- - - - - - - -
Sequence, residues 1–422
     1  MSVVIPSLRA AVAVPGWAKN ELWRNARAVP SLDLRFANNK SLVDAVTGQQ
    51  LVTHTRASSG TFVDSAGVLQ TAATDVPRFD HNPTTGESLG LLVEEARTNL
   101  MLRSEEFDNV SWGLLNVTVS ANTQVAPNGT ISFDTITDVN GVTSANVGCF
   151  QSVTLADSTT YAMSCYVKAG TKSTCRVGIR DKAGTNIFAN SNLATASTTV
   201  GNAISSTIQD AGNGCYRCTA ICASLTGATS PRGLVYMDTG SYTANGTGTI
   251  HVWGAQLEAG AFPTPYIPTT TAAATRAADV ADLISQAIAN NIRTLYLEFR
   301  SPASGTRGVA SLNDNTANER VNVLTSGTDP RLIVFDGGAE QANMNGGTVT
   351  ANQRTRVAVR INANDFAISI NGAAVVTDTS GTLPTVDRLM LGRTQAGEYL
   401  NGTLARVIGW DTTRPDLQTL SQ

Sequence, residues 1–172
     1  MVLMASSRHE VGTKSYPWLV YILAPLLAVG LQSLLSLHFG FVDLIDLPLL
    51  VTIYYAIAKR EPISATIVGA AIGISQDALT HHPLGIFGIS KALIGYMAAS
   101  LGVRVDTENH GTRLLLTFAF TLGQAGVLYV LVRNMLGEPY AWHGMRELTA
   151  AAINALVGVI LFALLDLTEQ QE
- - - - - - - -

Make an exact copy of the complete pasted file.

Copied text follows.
Sequence, residues 1–422
     1  MSVVIPSLRA AVAVPGWAKN ELWRNARAVP SLDLRFANNK SLVDAVTGQQ
    51  LVTHTRASSG TFVDSAGVLQ TAATDVPRFD HNPTTGESLG LLVEEARTNL
   101  MLRSEEFDNV SWGLLNVTVS ANTQVAPNGT ISFDTITDVN GVTSANVGCF
   151  QSVTLADSTT YAMSCYVKAG TKSTCRVGIR DKAGTNIFAN SNLATASTTV
   201  GNAISSTIQD AGNGCYRCTA ICASLTGATS PRGLVYMDTG SYTANGTGTI
   251  HVWGAQLEAG AFPTPYIPTT TAAATRAADV ADLISQAIAN NIRTLYLEFR
   301  SPASGTRGVA SLNDNTANER VNVLTSGTDP RLIVFDGGAE QANMNGGTVT
   351  ANQRTRVAVR INANDFAISI NGAAVVTDTS GTLPTVDRLM LGRTQAGEYL
   401  NGTLARVIGW DTTRPDLQTL SQ

Sequence, residues 1–172
     1  MVLMASSRHE VGTKSYPWLV YILAPLLAVG LQSLLSLHFG FVDLIDLPLL
    51  VTIYYAIAKR EPISATIVGA AIGISQDALT HHPLGIFGIS KALIGYMAAS
   101  LGVRVDTENH GTRLLLTFAF TLGQAGVLYV LVRNMLGEPY AWHGMRELTA
   151  AAINALVGVI LFALLDLTEQ QE